Situated almost in the mouth of Glen Lyon, Fortingall is considered to be one of the most interesting and picturesque villages in all of Scotland. And behind and above the single attractive street of houses, on the crest of a wooded escarpment, perches the site of Dun Gael, a fort of unrecorded age. It is alleged, remarkably, that this was the birthplace of no less than Pontius Pilate. If this seems but another Scots Myth, here is the story. The father, a Roman Officer, was sent on a mission of peace to Pictish King Metellanus, whose seat was at this Dun Geal. Whether the envoy brought his wife with him, or whether the mother of the child was a member of Metallanus's household, we do not know. But here Pilate was allegedly born.
But Fortingall can do even better. It also claims to have the oldest piece of growing vegetation in Europe. In the churchyard is the famous yew tree, dated at 3000 years of age. The church is also of great interest. Behind the porch is Adamnan's font. He was the Abbot of Iona in 697, and died in this area in 704. Inside the building is a 7th century monk's bell, shaped like a large alpine cow-bell. There are also a number of fragments of Celtic stone carvings, on the chancel window-ledge.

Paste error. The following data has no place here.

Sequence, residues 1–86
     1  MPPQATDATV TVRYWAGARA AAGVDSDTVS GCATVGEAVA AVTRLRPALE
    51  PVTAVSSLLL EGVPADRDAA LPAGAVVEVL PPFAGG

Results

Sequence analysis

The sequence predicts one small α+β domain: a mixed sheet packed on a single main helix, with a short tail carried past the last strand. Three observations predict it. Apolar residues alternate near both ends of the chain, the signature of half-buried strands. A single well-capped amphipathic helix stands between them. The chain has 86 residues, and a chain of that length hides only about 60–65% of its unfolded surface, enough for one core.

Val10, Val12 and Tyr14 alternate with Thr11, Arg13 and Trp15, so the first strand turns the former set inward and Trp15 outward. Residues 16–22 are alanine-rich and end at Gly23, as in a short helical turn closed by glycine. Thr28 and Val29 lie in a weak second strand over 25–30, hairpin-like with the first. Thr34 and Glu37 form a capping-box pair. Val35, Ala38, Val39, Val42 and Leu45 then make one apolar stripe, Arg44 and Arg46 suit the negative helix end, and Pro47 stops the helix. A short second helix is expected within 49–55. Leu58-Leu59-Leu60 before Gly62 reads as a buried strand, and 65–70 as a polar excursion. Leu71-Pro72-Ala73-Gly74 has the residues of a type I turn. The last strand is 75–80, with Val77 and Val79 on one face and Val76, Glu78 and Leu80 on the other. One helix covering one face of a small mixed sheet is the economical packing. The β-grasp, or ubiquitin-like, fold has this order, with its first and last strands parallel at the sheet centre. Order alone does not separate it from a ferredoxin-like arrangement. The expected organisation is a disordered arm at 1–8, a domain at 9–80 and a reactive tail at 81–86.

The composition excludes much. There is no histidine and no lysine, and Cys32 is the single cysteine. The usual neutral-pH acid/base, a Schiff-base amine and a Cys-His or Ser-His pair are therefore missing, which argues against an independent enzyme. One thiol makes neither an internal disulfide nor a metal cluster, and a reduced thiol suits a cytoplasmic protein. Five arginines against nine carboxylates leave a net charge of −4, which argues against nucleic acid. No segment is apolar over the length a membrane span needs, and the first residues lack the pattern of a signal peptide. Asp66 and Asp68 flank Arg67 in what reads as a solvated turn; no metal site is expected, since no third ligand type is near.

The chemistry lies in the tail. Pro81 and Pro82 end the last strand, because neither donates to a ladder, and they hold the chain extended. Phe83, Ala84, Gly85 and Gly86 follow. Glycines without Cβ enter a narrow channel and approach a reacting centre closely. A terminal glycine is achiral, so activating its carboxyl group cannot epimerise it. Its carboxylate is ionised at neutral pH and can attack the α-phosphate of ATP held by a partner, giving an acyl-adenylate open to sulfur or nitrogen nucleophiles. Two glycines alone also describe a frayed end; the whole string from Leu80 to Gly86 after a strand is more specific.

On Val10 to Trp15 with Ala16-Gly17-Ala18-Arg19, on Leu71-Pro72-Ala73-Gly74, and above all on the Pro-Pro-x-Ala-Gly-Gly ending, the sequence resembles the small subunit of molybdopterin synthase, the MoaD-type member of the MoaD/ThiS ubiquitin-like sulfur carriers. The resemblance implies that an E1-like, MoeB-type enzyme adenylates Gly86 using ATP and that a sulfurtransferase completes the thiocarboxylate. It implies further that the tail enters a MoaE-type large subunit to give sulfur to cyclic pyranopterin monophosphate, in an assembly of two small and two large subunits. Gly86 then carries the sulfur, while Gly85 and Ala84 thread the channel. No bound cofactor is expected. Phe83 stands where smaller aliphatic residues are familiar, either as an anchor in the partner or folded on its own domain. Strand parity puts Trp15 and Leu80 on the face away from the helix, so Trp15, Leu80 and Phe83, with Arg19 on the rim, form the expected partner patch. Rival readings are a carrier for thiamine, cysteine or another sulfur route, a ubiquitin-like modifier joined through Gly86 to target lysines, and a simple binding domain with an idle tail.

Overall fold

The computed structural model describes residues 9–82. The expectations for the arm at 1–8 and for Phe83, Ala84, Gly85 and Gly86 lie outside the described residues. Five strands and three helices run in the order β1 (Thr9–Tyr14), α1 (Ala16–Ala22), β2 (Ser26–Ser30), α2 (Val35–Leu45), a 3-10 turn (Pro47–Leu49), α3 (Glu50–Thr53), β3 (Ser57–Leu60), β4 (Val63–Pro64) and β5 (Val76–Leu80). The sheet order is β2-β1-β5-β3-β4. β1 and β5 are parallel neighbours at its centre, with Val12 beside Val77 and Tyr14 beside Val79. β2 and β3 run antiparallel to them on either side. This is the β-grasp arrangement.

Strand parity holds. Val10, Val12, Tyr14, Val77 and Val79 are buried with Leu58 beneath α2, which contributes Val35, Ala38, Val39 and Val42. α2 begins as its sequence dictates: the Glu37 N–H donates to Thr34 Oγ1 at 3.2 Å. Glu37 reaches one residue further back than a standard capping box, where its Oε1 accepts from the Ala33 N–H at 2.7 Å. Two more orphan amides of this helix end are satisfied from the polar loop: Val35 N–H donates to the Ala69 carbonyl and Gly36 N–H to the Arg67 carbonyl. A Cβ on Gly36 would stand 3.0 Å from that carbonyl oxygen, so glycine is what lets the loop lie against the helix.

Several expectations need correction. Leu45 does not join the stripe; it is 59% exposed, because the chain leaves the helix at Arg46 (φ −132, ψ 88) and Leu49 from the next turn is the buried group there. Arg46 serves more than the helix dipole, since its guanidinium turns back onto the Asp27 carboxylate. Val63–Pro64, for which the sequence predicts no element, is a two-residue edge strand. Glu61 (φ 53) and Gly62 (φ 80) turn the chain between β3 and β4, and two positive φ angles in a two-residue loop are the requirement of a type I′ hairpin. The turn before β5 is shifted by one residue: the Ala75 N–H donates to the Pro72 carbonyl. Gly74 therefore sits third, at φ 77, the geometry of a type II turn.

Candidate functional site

To the east, near the church, is a Stone Circle of nine uprights in groups of three; and there are new fewer than 14 circular forts in the area. Sir James MacGregor, the famous Dean of Lismore, was also Vicar of Fortingall, and died here in 1551. He compiled the Book of the Dean of Lismore in which many of the Gaelic poems of the 14th, 15th, and 16th centuries are collected.